Those recommending that US universities might be improved by simplifying student choices fail to understand both the American academy and its students. Suggestions that colleges ought to limit their menu to a select number of offerings fail to recognize that curricula are structured more like video on demand. What’s most important is who they reach.
Our first post insisted that the universities serve not one public but several. Before asking whether higher education represents a public good, we need to ask: Which public?
Nothing more emphatically confirms the fragmentation of higher ed’s audience than the proliferation of degree programs since the 1960s. This process has affected higher education in all its parts and is generally misunderstood.
California’s Governor Brown recently provided a case in point by proposing Chipotle’s menu as a model for university course catalogs. University of California campuses “have so damn many courses,” he barked. Shifting responsibility for low graduation rates away from budget cuts, he insinuated that fancy pants professors would not deign to offer the classes students actually needed, preferring their “pet projects” instead. Solution: a “good basic education” modeled on Chipotle’s limited menu.
While we too enjoy burritos, Brown’s analogy dangerously misapprehends the causes of course proliferation. Professorial “pet projects” are really not the problem. Institutions create new courses and degrees to compete for students. And while some schools do attract undergraduates with a rice and beans approach–St. John’s comes to mind as an exemplary “limited menu” college–most have found variety important.
Curricular marketing schemes effectively called the American research university into being. The late nineteenth-century elective system put every course and professor in the position of competing with every other for student attention. Ever since, general education has constrained choices by defining “the basics” without disturbing a commitment to student selection. College is different from high school precisely because undergraduates chart their own paths.
Television analogizes these audience dynamics far better than the restaurant trade.
Like television programs, courses are not “used up” when consumed. The best burrito in the world loses its worth once eaten but even a so-so course can have durable value to the student.
Like TV producers, academic administrators invest in talent that they hope will produce attractive content, but they cannot be experts in every field–not even all the supposedly “basic” ones. Deans and department chairs do not evaluate course content like Chipotle managers assess whether a line cook has produced savory beans. They only learn if professors are effective after the fact, once their teaching record has been interpreted.
Like TV writers and directors, professors know popularity is a major criterion of success, but other factors also count: critical acclaim, experimentation, and staying power (reputation over the long term). It’s a complex evaluative situation.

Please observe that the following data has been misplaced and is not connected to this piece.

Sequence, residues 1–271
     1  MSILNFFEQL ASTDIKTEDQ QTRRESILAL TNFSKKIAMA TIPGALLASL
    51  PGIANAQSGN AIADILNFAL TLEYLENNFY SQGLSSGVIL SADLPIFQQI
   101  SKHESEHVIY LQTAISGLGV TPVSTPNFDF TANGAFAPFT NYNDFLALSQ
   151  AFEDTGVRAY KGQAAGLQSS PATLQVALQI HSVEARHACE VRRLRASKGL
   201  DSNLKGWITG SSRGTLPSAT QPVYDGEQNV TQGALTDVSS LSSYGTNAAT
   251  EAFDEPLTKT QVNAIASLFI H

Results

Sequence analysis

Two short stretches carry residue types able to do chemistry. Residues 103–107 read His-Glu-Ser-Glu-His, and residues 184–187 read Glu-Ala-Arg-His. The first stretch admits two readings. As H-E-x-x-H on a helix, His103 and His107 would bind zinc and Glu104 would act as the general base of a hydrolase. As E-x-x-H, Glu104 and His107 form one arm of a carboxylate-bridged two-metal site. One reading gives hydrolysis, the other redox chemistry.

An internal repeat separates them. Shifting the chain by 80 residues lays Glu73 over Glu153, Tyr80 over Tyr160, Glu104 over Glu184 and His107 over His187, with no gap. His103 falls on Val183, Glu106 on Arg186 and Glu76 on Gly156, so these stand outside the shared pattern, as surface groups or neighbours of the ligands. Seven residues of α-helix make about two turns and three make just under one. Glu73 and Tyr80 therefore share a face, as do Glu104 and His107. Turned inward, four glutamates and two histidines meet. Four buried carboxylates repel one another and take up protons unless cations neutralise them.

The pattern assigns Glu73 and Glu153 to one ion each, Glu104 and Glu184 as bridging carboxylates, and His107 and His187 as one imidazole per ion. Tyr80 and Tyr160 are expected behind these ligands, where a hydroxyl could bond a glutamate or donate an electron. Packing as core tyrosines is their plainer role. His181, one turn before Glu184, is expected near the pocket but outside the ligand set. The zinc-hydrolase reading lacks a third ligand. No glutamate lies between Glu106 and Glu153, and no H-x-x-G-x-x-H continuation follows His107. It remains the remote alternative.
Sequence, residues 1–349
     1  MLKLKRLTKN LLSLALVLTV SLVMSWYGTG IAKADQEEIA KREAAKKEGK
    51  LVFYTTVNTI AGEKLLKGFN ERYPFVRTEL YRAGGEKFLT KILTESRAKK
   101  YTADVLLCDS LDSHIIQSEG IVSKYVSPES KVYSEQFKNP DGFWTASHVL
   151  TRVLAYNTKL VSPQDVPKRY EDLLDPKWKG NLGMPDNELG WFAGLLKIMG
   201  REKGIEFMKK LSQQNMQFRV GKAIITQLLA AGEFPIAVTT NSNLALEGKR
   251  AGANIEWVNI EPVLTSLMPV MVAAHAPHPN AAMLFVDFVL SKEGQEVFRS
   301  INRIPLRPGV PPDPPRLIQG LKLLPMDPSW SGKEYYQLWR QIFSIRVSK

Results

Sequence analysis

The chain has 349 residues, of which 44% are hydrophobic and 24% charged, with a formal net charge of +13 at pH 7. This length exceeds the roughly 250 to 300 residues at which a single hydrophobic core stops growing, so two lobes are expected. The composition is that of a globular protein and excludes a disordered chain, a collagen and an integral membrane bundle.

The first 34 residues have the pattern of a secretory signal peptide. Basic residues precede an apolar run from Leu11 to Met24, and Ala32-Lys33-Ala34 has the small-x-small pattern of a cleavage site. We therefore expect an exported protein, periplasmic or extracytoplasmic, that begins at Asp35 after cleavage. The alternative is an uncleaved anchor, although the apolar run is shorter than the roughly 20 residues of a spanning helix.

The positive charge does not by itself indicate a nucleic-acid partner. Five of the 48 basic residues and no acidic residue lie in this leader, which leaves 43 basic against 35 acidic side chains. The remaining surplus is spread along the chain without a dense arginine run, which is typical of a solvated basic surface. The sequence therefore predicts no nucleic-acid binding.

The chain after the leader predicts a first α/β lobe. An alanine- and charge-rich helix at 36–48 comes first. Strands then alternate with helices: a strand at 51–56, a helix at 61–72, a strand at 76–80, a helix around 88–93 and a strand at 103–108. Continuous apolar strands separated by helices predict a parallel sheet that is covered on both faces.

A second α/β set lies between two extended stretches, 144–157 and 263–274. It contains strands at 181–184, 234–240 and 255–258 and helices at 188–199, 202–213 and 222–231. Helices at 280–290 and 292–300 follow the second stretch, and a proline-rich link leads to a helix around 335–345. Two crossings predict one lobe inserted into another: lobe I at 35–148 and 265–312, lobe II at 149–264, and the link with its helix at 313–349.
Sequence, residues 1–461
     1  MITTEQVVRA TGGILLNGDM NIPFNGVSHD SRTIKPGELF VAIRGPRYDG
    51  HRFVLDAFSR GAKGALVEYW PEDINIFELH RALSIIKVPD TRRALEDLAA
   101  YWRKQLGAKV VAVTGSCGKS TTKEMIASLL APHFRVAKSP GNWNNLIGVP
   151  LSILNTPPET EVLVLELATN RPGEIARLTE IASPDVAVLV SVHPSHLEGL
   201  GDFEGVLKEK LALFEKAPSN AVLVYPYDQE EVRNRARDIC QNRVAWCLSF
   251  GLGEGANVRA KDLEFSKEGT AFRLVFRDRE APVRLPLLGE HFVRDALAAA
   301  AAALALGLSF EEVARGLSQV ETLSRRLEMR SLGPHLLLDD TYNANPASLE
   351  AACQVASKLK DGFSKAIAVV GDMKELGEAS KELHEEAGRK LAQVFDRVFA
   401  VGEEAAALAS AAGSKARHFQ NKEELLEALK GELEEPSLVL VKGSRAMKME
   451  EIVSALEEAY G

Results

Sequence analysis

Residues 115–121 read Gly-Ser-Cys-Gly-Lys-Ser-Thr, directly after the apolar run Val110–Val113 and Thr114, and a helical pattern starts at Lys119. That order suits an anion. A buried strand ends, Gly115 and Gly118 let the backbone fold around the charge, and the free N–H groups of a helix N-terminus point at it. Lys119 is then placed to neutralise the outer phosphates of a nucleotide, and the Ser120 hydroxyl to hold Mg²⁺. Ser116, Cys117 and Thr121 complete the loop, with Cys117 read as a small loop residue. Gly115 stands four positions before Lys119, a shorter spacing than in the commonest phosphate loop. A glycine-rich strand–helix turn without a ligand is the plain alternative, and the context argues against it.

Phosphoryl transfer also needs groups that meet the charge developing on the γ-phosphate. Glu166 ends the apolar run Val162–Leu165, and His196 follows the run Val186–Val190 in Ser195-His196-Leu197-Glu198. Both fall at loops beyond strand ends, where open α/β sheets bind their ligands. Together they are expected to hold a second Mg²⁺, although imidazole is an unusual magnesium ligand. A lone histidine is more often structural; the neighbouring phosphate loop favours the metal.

Academic majors offer a way to manage the risk of new courses that may or may not meet changing student interests. Majors make demand more predictable by bundling a set of requirements with a set of electives. Majors anchor marketing, moreover–these days by offering specific career pathways. In the TV analogy, majors are series, courses are episodes. Majors are not meals, wherein chips and a drink complete the bundle.
A restaurant can measure popularity in units sold, but advertiser-supported television requires different means to measure the success of its programs. Third parties, especially the Nielsen company, develop and sell metrics of ratings, reach, and share.
Ratings measure the percentage of total potential viewers who might have watched a particular show in a particular time slot, whether or not their TVs were on. Share measures the percentage of viewers watching TV who watched a particular show at a particular time. Reach measures the availability of a particular show (at a particular time) to viewers in a particular market.
Measures of popularity in higher education have focused almost exclusively on the share of students completing particular majors. Humanists who teach in old, established fields like history and English are particularly obsessed with their recently declining share. (Ben Schmidt offers some up-to-the-minute visualizations.)
Consideration of share alone, however, presents a skewed picture. A ratings-like measure, for instance, might weigh the percentage of all adults who had earned particular degrees. Individual majors would be seen to compete not only with one another, but also with everything else potential learners might do with their time. Back in 2013, Schmidt proposed that such a measure would provide a far more realistic perspective on the “crisis” in the humanities than share does.
“Reach,” offers another perspective-altering metric. In our book, Media U, we develop a reach measure for university degrees and reveal that higher ed changed historically roughly in parallel to TV. University curricula transitioned from a “broadcast” era in which majors were fewer to a “narrowcast” era of the sort often associated with cable TV’s proliferation of channels. Among other features, this shift sundered the relationship between discipline and department. Majors increased faster than the number of departments to manage them.
Although Governor Brown has reason to imagine taxpayers might find the resulting array of courses bewildering, his Chipotle analogy is full of beans. A comparison to Netflix would have been equally easy to understand and better capable of accurately capturing the allure and marketing of degree options.